Several changes to pheasant at April Meeting - The HuntingPA.com Outdoor Community
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post #1 of 38 (permalink) Old 04-25-2018, 09:55 PM Thread Starter
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Several changes to pheasant at April Meeting

SOME SENIOR PHEASANT HUNTERS EXEMPTED FROM PERMIT

Any Pennsylvania hunter who held a senior lifetime hunting or combination license prior to May 13, 2017 will not need to purchase a pheasant permit to hunt pheasants in the 2018-19 license year.

The pheasant permit was created last year as a way to help offset the costs of the Pennsylvania Game Commission’s pheasant propagation program. In its first year, the $26.90 permit was required for all adult and senior pheasant hunters, including senior lifetime license buyers.

The requirement for a permit officially became regulation on May 13, 2017.

And the Pennsylvania Board of Game Commissioners today voted to allow hunters who held senior lifetime hunting or combination licenses prior to May 13, 2017 to hunt pheasant without obtaining a permit.

Adult pheasant hunters still will need to purchase the permit; junior pheasant hunters will need a free permit in 2018-19.

The pheasant permit was one of several initiatives by the Game Commission to make the pheasant propagation program more cost-effective. The agency in recent years closed two of its four pheasant farms, and began purchasing day-old chicks from private propagators rather than carrying over breeding pheasants and raising chicks from eggs.

Through these measures the annual costs of the program have been reduced from about $4.7 million to about $2.3 million. Additionally, the pheasant permit in its first year generated more than $1.1 million to help offset those costs.

Commissioners said the reduced overall costs of the program have made it easier to grandfather-in those pheasant hunters who held senior lifetime licenses at the time the permit became official.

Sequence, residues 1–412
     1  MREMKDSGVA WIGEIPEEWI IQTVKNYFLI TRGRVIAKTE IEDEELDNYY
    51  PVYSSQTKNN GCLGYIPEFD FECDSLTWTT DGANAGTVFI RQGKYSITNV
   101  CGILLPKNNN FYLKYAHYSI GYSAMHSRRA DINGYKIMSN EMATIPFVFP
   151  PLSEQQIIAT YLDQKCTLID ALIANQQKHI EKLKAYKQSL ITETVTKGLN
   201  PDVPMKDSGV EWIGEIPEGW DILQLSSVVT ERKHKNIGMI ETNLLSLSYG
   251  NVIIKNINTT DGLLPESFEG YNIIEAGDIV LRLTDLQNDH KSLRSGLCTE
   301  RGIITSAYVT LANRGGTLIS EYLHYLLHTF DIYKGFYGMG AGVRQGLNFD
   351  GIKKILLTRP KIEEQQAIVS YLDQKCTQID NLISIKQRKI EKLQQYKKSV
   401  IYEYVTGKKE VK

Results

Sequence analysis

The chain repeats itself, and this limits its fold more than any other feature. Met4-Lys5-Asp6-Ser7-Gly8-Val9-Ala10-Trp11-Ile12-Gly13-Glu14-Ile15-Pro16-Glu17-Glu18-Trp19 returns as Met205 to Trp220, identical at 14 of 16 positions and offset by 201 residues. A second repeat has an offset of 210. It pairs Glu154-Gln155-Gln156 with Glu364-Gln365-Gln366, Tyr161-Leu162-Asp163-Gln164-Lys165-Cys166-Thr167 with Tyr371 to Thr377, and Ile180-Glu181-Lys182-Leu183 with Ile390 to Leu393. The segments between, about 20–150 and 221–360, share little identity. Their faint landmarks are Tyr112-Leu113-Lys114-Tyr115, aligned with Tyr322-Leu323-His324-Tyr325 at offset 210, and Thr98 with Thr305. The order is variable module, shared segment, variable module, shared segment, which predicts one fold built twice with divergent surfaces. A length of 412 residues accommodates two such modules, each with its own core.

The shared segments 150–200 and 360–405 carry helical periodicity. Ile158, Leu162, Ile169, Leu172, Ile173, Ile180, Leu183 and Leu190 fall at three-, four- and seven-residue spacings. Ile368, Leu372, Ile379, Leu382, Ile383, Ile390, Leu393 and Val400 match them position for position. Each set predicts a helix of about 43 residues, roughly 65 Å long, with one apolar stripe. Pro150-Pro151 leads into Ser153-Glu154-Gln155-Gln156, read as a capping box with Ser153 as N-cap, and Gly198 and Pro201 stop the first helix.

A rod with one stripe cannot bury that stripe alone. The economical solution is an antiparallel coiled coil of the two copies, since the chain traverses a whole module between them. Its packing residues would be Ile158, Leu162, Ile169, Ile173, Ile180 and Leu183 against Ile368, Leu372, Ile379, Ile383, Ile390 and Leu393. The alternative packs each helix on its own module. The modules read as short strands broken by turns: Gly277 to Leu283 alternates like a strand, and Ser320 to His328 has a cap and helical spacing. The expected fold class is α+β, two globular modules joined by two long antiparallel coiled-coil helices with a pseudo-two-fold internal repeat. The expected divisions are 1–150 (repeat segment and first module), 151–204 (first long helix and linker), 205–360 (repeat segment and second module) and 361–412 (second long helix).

Nearly 43,000 hunters purchased a pheasant permit, and about 4,300 of them were senior lifetime license buyers.


JUNIOR HUNTERS NEED FREE PERMIT TO HUNT PHEASANTS

The Pennsylvania Board of Game Commissioners today adopted a measure that requires junior hunters to obtain a free pheasant permit to hunt pheasants in Pennsylvania.

Previously, junior hunters did not need a permit, which is required for adult and some senior hunters who pursue pheasants.

Issuance of a free permit to junior hunters will help the Game Commission quantify the number of youth participating in pheasant hunting annually – data that might entitle the agency to additional funding for its pheasant program through federal hunter recruitment funding initiatives.

The measure adopted by the board also removes the requirement to obtain a permit for individuals hunting and taking privately acquired propagated pheasants on private lands. The exemption does not apply to private lands designated by agreement as cooperative access lands, and all pheasants hunted taken or possessed through this exemption need to be appropriately banded, tagged, marked or receipted.

SOMERSET WILD PHEASANT RECOVERY AREA DISSOLVED

The Pennsylvania Board of Game Commissioners today voted to dissolve the Somerset Wild Pheasant Recovery Area (WPRA), one of the state’s four WPRAs.

The Somerset WPRA was created by the Game Commission in 2009. Like other WPRAs, it was selected because its habitat gave pheasants the greatest chance to establish wild populations.

The Somerset WPRA received 964 trapped-and-transferred wild pheasants over three years, but surveys showed that the Somerset WPRA’s population failed to take hold.

Habitat conditions, weather severity, or a combination of these factors, impeded the chances of achieving a sustainable pheasant population on the WPRA.

Because WPRAs generally are closed to pheasant hunting, and the release of propagated pheasants is prohibited within WPRAs, dissolving the Somerset WPRA benefits pheasant hunters.

With the Somerset WPRA dissolved, the area will be reopened to either-sex pheasant hunting and will be eligible for game-farm pheasant releases.

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post #2 of 38 (permalink) Old 04-26-2018, 07:56 AM
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Well. I can see a senior standing in a Wal-Mart line, trying to convince the clerk he had his Sr. license prior to May 13, 2017. Something tells me that will be a nightmare, since "the system" seems to screw up often ?


or..... does the Sr. inception date print on the license every year ?

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post #3 of 38 (permalink) Old 04-26-2018, 07:59 AM
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And. Some seniors were fine with chipping in the $25, but most seemed to think the PGC was "indian giving", and reneged on their good faith purchase of the Sr. license. But this is probably the best solution, as I doubt the one's that were fine with contributing, will gripe about having to save $25. LOL

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post #4 of 38 (permalink) Old 04-26-2018, 08:28 AM